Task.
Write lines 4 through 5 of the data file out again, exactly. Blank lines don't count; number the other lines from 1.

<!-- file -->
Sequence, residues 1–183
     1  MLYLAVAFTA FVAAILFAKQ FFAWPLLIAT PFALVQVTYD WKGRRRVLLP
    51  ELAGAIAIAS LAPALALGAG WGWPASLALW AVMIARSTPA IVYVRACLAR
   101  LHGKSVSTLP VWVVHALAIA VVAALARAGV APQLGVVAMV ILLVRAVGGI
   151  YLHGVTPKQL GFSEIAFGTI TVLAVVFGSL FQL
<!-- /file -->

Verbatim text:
   101  LHGKSVSTLP VWVVHALAIA VVAALARAGV APQLGVVAMV ILLVRAVGGI
   151  YLHGVTPKQL GFSEIAFGTI TVLAVVFGSL FQL